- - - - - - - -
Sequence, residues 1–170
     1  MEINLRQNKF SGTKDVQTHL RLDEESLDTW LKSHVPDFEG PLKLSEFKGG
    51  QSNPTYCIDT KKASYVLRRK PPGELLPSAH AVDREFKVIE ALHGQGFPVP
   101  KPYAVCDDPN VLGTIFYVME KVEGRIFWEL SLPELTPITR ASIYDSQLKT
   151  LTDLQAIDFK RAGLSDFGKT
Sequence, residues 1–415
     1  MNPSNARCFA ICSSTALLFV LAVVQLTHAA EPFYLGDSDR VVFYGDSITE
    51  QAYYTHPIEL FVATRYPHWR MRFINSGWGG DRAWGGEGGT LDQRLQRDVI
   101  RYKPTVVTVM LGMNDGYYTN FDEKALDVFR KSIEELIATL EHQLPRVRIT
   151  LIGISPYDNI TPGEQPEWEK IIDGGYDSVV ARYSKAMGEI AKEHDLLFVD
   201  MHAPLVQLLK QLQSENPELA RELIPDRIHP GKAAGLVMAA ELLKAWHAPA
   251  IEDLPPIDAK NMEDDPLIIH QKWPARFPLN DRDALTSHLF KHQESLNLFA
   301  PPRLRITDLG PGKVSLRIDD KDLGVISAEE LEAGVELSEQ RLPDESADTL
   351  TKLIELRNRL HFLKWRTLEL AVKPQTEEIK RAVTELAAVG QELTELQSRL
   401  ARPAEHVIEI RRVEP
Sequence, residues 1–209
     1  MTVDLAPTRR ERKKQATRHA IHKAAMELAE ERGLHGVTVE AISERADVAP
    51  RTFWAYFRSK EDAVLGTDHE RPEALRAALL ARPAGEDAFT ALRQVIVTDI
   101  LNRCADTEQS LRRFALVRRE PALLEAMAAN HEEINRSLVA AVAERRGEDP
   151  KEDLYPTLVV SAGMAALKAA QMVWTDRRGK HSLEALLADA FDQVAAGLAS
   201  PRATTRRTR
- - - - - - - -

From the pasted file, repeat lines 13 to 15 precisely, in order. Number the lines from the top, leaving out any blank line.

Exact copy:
   301  PPRLRITDLG PGKVSLRIDD KDLGVISAEE LEAGVELSEQ RLPDESADTL
   351  TKLIELRNRL HFLKWRTLEL AVKPQTEEIK RAVTELAAVG QELTELQSRL
   401  ARPAEHVIEI RRVEP